Category Archives: Paul Ryan tax plan

We Are Addicted to Novelty

We are becoming shallow people who are addicted to novelty. Out with the old, in with the new, whether the shiny new thing we admire will be good for us or not doesn’t really seem to matter. Four years ago Obama was new. Everyone was so excited. Now Paul Ryan is new and apparently people are shaken momentarily out of their lethargy. Maybe he will continue to fascinate our fickle tastes for a while or maybe our interests will wane when he starts making our brains freeze and our eyes glaze over by talking technical budget stuff and showing us his charts.

Paul Ryan has been around for the past four years. If anyone in the House of Representatives has been most responsible for the partisan divide it has been Paul Ryan. He wields a lot of behind the scenes influence with Republicans. I believe that he stopped the deal that Obama and Boehner had worked out, the deal that might have prevented our credit from being downgraded. He will tell you that Obama failed, but Paul Ryan did everything he could to prevent us from seeing if Obama’s approach would have worked. He is the “new guard” who exerts a powerful sway over the old guard. He is more conservative than the conservatives. He has brought them into line with a passionate belief in his dogma and his mathematical understanding, with which he dazzled them. Are we really going to fashion America’s future after an Ayn Rand plot? Now I’ll have to reread the darn book, The Fountainhead, again. Maybe I’ll just read the summary on Wikipedia. I don’t expect to be as spellbound by it as Paul Ryan. But he is “a lean and hungry man” and he has obviously either convinced the Republicans that he is all that; or they had Romney pick him for VP so they could get him off their backs.
I just could not disagree with anyone more that I disagree with Paul Ryan. Of course, I get my economic advice from Paul Krugman who also could not disagree with anyone more than he probably disagrees with Paul Ryan. Ryan believes in austerity for everyone but the wealthy. He espouses drastic cuts and very small government. He buys into the rugged individualist, pull-yourself-up-by-your-own-boot-straps mumbo-jumbo that the good old boys believe is the essence of the American psyche. It may have been appropriate when there were only 300,000 Americans and most of America was frontier, but not so much when we number 313+ million with no new frontier except space. He mistakes harshness for wisdom. He wants America to get a martyr complex. Paul Krugman does not agree that pure austerity is the way out of the current economic downturn. He writes for the New York Times opinion section, although he has been on vacation recently. When he comes back you should read his articles so you have something to balance against what Paul Ryan has to say. I still hope, even now that we have my worst case scenario, that we will not go there.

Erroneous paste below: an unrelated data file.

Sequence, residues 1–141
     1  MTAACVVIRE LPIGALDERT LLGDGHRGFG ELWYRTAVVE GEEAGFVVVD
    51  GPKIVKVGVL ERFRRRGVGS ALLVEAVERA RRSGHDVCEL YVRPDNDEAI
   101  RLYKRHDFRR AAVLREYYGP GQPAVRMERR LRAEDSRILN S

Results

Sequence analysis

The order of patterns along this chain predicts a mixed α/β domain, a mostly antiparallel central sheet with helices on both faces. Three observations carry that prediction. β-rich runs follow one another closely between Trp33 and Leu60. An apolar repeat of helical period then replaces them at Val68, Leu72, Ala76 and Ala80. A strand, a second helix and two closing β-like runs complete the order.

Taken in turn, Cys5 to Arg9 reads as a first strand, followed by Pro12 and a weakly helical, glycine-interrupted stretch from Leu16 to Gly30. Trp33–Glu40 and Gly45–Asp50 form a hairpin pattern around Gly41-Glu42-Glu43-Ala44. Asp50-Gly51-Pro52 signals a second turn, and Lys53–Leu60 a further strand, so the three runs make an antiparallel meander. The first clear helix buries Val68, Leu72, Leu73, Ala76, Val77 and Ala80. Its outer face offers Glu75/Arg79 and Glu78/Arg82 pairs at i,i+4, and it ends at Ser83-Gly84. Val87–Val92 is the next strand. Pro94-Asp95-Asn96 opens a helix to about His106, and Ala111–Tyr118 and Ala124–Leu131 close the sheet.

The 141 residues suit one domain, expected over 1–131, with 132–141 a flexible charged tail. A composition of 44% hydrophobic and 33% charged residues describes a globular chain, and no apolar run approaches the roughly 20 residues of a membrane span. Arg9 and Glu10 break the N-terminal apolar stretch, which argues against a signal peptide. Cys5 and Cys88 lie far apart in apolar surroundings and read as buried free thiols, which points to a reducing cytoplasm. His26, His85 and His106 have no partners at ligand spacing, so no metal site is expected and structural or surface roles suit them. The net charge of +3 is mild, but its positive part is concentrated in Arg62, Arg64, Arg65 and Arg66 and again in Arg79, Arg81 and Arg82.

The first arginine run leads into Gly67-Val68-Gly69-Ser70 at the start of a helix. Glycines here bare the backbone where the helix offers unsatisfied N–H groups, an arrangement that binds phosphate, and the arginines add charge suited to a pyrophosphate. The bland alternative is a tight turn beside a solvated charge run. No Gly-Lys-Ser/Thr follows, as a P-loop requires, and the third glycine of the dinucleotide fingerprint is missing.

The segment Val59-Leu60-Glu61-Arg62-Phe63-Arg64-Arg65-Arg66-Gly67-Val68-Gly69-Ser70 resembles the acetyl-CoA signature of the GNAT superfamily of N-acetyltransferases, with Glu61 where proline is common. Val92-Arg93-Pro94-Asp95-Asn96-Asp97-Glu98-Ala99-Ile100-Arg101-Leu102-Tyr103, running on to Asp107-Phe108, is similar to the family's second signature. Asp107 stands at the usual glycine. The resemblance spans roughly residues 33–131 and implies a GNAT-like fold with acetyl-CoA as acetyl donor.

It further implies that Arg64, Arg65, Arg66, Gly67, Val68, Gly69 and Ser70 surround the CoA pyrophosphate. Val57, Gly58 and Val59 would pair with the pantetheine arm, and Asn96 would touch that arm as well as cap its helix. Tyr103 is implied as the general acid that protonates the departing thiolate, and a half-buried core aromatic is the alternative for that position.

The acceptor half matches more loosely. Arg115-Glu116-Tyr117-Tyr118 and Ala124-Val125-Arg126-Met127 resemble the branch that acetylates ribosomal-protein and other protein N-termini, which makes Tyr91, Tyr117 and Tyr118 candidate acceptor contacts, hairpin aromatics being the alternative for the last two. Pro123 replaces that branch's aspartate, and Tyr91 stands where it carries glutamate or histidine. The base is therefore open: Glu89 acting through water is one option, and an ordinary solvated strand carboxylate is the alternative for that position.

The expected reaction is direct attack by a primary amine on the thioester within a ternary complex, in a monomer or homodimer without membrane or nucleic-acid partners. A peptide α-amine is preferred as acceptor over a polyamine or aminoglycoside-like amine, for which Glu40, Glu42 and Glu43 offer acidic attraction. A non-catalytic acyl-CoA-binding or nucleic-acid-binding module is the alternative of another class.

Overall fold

Correction: Apparently Paul Ryan like Atlas Shrugged rather than The Fountainhead. My bad. I’ll probably have to revisit both.

Republican Tax Code Reforms

It appears that Robert Pozen’s suggestions for changes to the tax code are not as bipartisan as he would like to believe (see my post from Friday, July 13, 2012). According to an article on from July 11, 2012 by Jim Meyers and John Bachman the Republicans now favor the Ryan Tax Plan which is every bit as harsh and minimalist as Mr. Ryan’s character seems to be.
Rep. Jeb Hensarling talked to Newsmax and what he said is reported in an article called Hensarling to Newsmax: Obamacare Repeal the ‘Will of the People’. For the most part he repeated all the usual arguments against the Affordable Health Act, however, near the end of the article he sums up the current Republican position on the tax code.
“On tax reform, he tells Newsmax: ‘Ultimately Republicans want to pass a fair, flatter, simpler, more competitive tax code. We put it into our budget, a two-tiered flat tax system at 10 and 25 percent, bringing down the corporate rate. We have the single highest corporate tax rate in the world, which helps shift jobs overseas and makes us uncompetitive.
We want to clear out all the loopholes, all the exclusions, broaden the base and lower the rates. “
I would say that this represents an increase in taxes for many middle class Americans and even low-income Americans since I assume things like the Earned Income Tax Credit would disappear and deductions for mortgages and educational costs and every loophole or exclusion, not just the ones that give money back to people who don’t need it. What will happen to Social Security income? Will we pay taxes on the whole thing? Will the formula that allows us to count about half of our Social Security income as taxable disappear? This plan looks like the middle class and lower income Americans will have a greater rise in their taxes than that experienced by higher income Americans. Will wealthy Americans still be able to move money to non-taxable off-shore accounts? What will happen to special interest provisions like the one for NASCAR or the tackle-box industry or Eskimo whaling captains?
Once again, Republicans are the party that protects millionaires and corporations, sets them up as better than other Americans because they have the financial wherewithal to keep the nation’s economy afloat. It ignores the fact that these fortunate people (after all, corporations are people) are in the mood to hold on to their wealth rather than invest it in an America that is floundering to find its footing in a transitional global economy. (Or are they waiting for the other shoe to drop?) Yikes!